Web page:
Reefs shine in many colours

Reefs are submerged rock formations rising from the seafloor or formations of rock outcrops of organic origin. Underwater boulders, as well as the submerged portions of rocky shores and islets, are included in such reef-like, hard-bottomed habitats. Although there are no organic coral reefs on the Finnish coast, the underwater rocks and stone piles are teeming with life, particularly in the clear waters of the outer archipelago zones.

Zonation of hard bottoms

Reefs are typically characterised by multi-layered algal and invertebrate animal communities. The biota is determined by the salinity, the amount of light, and the openness of the habitat, hence there are large regional differences between sea areas. A special feature of the reefs in the Bay of Bothnia is the abundance of water mosses, e.g. Fontinalis spp.

In a large part of the coast, closest to the water surface lies the zone of annual filamentous algae dominated by green, brown, and red algae. Below this commonly occurs the zone of wrack kelp, and finally, the deepest vegetation zone is dominated by red algae.

Below the sunlit zones, rocky surfaces are covered by mussels and polyps. Although the effects of ice and wave action on open shores can scour algal vegetation away from hard surfaces, these plants are replaced by new vegetation over the spring and summer months. The abundant algae in the light-filled zone then continue to provide shelter and nourishment for many invertebrates, fish, and birds.

The filamentous algal zone

Although the species composition of filamentous algae in the zone closest to the surface varies regionally, often the most common species is the so-called mermaid’s hair alga, i.e. Cladophora glomerata. Rapid-growing filamentous algae quickly occupy rocky surfaces as the water rises and falls, and this algal zone is often very uniform.

The well-lit and warm surface waters offer the juvenile stages of invertebrate animals ideal growing conditions among the dense jungles of filamentous algae.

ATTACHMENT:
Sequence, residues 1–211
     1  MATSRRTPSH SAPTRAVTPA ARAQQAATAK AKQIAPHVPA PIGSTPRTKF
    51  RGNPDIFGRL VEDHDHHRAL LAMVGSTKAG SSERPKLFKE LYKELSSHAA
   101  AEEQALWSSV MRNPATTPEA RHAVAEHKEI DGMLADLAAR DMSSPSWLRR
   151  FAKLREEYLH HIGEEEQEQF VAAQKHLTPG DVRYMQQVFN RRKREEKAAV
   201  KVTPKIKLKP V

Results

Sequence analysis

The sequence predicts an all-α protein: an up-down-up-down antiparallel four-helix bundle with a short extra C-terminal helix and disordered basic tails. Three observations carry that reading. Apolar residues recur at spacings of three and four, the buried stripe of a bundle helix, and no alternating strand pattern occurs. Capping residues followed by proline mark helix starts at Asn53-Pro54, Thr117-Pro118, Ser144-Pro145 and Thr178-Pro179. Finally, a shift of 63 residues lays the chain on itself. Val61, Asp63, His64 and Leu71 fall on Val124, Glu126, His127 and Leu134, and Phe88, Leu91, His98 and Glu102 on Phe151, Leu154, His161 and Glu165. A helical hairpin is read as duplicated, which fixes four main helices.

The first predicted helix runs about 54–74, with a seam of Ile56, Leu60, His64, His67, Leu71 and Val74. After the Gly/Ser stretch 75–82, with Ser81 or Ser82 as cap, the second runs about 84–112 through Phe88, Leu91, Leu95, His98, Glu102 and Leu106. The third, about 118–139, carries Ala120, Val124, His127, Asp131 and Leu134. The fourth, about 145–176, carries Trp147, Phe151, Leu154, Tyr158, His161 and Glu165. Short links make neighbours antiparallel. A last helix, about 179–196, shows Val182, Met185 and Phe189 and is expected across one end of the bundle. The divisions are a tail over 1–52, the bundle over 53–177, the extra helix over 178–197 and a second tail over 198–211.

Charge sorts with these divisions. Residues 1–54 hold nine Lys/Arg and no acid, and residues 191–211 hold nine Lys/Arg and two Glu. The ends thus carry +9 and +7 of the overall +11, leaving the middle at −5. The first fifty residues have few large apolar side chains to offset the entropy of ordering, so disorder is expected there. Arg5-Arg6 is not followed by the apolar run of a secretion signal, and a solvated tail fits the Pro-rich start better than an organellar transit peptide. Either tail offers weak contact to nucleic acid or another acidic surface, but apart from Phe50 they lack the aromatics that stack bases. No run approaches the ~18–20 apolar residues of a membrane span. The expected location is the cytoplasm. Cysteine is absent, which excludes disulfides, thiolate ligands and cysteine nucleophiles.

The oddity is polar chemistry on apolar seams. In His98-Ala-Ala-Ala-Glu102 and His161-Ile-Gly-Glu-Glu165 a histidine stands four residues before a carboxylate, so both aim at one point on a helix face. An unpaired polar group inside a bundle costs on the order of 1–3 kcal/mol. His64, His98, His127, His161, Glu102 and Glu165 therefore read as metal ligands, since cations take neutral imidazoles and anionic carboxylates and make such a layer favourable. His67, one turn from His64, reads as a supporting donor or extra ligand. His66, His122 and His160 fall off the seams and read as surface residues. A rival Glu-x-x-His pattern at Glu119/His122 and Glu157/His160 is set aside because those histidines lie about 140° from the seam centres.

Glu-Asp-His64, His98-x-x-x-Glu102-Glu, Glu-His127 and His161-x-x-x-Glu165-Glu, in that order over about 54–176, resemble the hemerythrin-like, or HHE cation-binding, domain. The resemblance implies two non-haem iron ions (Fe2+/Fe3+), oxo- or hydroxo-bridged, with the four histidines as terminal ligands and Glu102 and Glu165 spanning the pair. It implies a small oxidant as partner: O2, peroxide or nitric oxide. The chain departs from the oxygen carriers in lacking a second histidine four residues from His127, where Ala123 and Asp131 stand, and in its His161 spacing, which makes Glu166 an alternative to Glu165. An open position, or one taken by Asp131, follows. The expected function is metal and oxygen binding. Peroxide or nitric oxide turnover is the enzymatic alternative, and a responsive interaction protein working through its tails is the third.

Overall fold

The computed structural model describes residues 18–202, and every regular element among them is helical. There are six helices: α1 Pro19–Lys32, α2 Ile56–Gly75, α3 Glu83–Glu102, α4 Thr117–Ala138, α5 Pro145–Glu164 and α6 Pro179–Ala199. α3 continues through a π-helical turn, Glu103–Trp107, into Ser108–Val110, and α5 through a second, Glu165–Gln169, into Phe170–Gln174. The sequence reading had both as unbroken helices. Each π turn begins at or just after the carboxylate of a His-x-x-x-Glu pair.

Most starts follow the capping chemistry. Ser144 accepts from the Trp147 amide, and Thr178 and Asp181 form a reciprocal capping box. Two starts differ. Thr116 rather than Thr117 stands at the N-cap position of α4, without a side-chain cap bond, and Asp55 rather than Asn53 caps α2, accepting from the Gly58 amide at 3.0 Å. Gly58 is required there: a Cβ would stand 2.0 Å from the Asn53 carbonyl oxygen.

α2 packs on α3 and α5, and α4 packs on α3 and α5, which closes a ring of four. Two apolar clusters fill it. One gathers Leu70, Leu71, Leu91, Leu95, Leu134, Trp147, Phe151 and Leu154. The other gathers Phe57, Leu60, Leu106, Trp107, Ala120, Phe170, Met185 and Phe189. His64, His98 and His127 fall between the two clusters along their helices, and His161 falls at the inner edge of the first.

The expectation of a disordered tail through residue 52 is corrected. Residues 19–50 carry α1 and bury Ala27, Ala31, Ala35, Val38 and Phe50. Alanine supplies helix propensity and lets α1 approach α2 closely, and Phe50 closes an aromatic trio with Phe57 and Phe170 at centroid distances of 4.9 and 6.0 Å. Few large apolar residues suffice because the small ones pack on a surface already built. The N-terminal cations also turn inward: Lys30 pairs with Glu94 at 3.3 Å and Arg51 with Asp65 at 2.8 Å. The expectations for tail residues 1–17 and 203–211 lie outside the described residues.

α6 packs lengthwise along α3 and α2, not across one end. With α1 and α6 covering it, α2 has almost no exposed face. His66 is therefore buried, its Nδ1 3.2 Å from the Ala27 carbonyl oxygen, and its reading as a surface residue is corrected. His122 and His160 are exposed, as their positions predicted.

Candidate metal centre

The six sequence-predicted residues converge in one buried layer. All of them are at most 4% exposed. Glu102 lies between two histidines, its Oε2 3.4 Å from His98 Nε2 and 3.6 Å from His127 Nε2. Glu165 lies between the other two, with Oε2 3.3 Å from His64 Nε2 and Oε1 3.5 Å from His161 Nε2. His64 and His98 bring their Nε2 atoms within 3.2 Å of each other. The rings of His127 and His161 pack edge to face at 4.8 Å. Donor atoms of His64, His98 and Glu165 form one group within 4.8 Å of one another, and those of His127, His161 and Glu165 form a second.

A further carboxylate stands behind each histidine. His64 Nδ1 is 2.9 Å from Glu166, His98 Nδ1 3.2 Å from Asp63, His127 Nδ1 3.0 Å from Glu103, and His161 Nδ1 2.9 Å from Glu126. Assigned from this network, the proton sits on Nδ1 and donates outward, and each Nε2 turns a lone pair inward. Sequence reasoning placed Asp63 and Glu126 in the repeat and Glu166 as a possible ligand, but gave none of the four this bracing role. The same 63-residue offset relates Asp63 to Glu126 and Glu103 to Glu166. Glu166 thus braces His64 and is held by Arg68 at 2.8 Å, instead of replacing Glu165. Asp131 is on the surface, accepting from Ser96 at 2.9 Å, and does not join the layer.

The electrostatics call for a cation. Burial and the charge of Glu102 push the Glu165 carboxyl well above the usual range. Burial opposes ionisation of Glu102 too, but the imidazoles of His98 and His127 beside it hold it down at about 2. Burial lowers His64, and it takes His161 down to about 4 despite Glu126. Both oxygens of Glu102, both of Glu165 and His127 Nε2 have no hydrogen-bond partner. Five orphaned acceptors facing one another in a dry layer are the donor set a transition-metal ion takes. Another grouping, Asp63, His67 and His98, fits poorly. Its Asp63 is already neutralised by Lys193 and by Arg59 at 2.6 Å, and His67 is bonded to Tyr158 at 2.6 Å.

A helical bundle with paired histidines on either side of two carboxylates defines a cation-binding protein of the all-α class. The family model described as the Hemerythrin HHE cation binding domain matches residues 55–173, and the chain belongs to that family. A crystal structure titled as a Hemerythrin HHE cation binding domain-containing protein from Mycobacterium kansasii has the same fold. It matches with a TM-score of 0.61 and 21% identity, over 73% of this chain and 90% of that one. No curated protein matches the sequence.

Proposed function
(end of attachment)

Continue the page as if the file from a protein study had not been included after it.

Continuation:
Filamentous algae swaying along with the current.
Filamentous algae can be a sign of eutrophication, but they also provide a habitat for many invertebrates.

The wrack kelp zone

The wrack kelp zone, i.e. Fucus spp., usually begins at the bottom of the filamentous algal zone, and the zones tend to blend seamlessly into each other.

The wrack kelp zone is characterised by large algal species, on and under which grow many other algae, as well as many species of invertebrates that attach themselves to the hard substrate. The wrack zone maintains an extensive community of animals, consisting especially of a variety of floating and creeping invertebrates. The most common species include crustaceans, such as amphipods and isopods, as well as the lagoon cockle and the river nerite snail (i.e. Gammarus spp., IdoteabalticaCerastoderma glaugumTheodoxus fluviatilis). This is why the wrack is one of the most essential species in the Baltic Sea, a so-called key species. 

Red algal zone

Both red and brown algae grow in the red algae zone. The most common species in this zone are clawed fork weed, the fragile red-beaded Ceramium tenuicorne, as well as low-growing ruffled species like Coccotylus truncatus, and the stalked leaf bearer, i.e. Phyllophora pseudoceranoides.

The algal species of this zone are characterised by their ability to survive at depths where the available light is insufficient for other plant species. Like the larger wracks, the red algae communities enliven the reef by offering extra structures, which provide shelter and food for the diverse animal community living within it.

 Red algae covered stones and boulders in shallow water, jellyfish in the background.
Red algae thrive also in shallow water close to the shore.

Blue mussel and polyp communities

The algae zones can only extend as deep as there is enough available light for them to photosynthesise. However, when photosynthesis becomes impossible, the hard surfaces become covered instead by stationary filter feeders like blue mussels and polyps. In particular, mussel communities provide food and shelter for a wide variety of invertebrates and birds.

The increase in water turbidity resulting from eutrophication has caused all algal zones to narrow, and in many places, the zones even overlap. Increased sedimentation on the bottom will cause fine sediment to accumulate on the bedrock, which will make it difficult for species spread by currents to settle and successfully attach to new growing sites.

Hard bottom species:

  • Water mosses (e.g. Fontinalis spp.) 
  • Mermaid’s hair (Cladophora glomerata
  • Wrack kelp species (Fucus spp.) 
  • Amphipod crustaceans (Gammarus spp.) 
  • Isopod crustaceans (Idotea spp.) 
  • Lagoon cockle (Cerastoderma glaugum
  • River nerite snail (Theodoxus fluviatilis
  • Clawed fork weed (Furcellaria lumbricalis
  • Ceramium tenuicorne
  • Coccotylus truncatus
  • Stalked leaf bearer (Phyllophora pseudoceranoïdes)